Risk of atrial fibrillation and stroke after bariatric surgery in patients with morbid obesity with or without obstructive sleep apnea
Dalmar A, Singh M, Heis Z, et al. Risk of atrial fibrillation and stroke after bariatric surgery in patients with morbid obesity with or without obstructive sleep apnea. Stroke. 2021;52(7):2266-2274.
Background and purpose: Weight loss in morbidly obese patients reduces atrial fibrillation (AF); however, it is unknown whether similar benefits are maintained in patients with obstructive sleep apnea (OSA). We sought to determine whether incident AF and stroke rates are affected by OSA after weight loss and to identify predictors of AF and stroke.
Methods: Differences in laparoscopic adjustable gastric banding-induced weight loss on incident AF and stroke events in those with and without OSA in the entire and in propensity-matched cohorts were determined longitudinally, and independent predictors of AF and stroke were identified.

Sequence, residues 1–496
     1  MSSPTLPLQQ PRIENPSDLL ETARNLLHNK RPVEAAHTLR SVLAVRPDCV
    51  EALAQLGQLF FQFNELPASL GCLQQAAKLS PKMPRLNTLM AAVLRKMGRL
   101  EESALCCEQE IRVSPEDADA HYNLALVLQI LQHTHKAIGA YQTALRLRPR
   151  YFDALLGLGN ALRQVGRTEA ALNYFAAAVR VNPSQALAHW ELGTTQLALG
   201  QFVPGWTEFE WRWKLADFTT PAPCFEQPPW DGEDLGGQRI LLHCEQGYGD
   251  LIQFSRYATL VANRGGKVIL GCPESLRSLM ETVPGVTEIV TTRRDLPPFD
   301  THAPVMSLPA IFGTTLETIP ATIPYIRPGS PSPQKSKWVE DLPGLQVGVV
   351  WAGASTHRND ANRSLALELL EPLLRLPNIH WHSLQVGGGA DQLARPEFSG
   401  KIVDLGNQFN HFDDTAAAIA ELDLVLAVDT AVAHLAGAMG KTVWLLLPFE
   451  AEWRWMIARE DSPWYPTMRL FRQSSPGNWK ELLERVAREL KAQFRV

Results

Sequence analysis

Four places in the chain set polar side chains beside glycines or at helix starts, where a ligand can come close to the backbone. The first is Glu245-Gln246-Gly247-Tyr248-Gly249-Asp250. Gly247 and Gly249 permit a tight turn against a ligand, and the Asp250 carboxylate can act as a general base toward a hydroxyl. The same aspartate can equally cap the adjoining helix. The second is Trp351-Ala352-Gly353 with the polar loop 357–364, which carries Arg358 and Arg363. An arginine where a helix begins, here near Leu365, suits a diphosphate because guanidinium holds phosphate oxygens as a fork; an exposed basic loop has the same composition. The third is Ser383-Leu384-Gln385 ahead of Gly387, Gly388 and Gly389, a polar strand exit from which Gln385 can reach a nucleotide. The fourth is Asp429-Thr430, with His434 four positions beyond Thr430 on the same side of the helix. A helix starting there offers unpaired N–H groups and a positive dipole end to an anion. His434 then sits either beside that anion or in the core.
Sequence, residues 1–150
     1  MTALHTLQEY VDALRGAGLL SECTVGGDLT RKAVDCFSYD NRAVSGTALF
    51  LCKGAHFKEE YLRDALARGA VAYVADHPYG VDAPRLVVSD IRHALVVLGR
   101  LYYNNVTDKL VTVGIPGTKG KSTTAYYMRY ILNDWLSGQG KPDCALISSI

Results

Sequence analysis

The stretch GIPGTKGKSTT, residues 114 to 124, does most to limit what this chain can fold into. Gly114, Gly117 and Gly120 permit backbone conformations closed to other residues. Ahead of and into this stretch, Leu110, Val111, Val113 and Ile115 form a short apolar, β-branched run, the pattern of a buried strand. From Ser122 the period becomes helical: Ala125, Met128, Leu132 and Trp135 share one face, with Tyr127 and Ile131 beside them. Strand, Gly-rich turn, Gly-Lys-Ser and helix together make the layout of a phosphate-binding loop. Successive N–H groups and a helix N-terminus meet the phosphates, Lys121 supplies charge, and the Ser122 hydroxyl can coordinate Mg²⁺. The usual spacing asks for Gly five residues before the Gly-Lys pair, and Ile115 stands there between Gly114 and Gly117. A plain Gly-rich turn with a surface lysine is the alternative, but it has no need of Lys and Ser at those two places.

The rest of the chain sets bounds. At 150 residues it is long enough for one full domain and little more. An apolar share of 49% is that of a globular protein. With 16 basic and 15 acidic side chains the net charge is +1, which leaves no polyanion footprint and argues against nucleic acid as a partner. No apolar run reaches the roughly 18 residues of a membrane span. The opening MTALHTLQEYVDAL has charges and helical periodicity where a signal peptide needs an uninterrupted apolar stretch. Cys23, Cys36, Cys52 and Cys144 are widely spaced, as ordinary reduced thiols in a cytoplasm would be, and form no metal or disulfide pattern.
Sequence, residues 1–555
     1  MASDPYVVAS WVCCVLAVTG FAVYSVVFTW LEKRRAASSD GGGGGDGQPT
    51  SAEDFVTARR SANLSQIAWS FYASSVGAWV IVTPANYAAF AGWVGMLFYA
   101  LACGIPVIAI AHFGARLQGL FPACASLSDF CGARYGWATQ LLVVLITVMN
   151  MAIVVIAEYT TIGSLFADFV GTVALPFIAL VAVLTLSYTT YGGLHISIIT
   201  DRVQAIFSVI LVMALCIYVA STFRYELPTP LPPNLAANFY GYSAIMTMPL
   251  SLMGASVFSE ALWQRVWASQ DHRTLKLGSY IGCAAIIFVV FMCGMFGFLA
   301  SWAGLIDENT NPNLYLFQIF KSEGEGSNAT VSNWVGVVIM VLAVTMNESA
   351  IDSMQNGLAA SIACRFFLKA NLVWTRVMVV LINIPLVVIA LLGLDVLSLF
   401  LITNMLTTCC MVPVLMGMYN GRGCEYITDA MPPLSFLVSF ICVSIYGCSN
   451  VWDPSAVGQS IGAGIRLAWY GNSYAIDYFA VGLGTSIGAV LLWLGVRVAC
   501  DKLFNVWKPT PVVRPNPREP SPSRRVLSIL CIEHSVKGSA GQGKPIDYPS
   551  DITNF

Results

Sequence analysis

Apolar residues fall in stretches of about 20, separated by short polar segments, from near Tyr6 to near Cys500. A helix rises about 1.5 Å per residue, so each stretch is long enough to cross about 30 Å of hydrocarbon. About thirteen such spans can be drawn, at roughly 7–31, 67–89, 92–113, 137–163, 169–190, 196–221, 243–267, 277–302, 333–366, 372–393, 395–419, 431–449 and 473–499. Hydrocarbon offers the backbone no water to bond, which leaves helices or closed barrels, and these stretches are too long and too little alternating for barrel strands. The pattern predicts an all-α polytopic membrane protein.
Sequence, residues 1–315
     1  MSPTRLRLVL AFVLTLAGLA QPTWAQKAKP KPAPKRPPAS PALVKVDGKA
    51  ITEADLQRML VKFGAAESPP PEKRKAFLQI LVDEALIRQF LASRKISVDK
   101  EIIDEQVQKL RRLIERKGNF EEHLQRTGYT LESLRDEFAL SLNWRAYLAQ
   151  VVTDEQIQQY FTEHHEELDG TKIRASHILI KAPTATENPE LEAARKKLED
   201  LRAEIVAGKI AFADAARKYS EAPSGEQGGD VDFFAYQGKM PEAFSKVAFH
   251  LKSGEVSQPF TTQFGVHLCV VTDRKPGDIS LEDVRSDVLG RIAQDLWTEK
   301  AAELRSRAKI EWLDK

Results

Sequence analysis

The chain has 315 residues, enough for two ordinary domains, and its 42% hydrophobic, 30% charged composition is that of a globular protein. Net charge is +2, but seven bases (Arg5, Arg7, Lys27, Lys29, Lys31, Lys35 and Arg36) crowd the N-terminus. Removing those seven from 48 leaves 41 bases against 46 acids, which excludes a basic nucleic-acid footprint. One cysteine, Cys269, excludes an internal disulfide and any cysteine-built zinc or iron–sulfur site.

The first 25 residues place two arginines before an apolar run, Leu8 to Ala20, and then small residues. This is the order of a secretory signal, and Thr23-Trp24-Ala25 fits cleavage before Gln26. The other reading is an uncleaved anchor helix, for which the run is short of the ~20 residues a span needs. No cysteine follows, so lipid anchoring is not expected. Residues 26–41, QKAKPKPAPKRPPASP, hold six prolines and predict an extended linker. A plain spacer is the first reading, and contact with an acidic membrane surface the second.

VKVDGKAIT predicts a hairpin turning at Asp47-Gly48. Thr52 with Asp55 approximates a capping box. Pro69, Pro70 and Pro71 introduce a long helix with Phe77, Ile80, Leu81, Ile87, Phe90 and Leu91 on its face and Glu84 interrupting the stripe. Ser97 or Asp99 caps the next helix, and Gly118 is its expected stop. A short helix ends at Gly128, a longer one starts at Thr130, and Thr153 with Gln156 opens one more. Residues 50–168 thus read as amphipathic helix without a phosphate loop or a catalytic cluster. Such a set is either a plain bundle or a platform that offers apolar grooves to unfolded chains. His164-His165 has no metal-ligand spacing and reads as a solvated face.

Results: Of 827 morbidly obese patients who underwent laparoscopic adjustable gastric banding (mean age, 44±11 years; mean body mass index, 49±8 kg/m2), incident AF was documented in 4.96% and stroke in 5.44% of patients during a mean 6.0±3.2-year follow-up. Despite a similar reduction in body weight (19.6% and 21% in 3 years), new-onset AF was significantly higher in patients with OSA than without OSA in the entire (1.7% versus 0.5% per year; P<0.001) and propensity-matched cohorts. Incident stroke was higher in the OSA than in the non-OSA group (2.10% versus 0.47% per year; P<0.001), but only 20% of patients with stroke had documented AF. On multivariate analysis, OSA (hazard ratio, 2.88 [95% CI, 1.45–5.73]), age, and hypertension were independent predictors of new-onset AF, and OSA (hazard ratio, 5.84 [95% CI, 3.02–11.30]), depression, and body mass index were for stroke events.
Conclusions: In morbidly obese patients who underwent laparoscopic adjustable gastric banding, despite similar weight loss, patients with OSA had a higher incidence of AF and stroke than patients without OSA. Both non-AF and AF-related factors were involved in increasing stroke risk. Further investigation is warranted into whether OSA treatment helps reduce AF or stroke events in this population.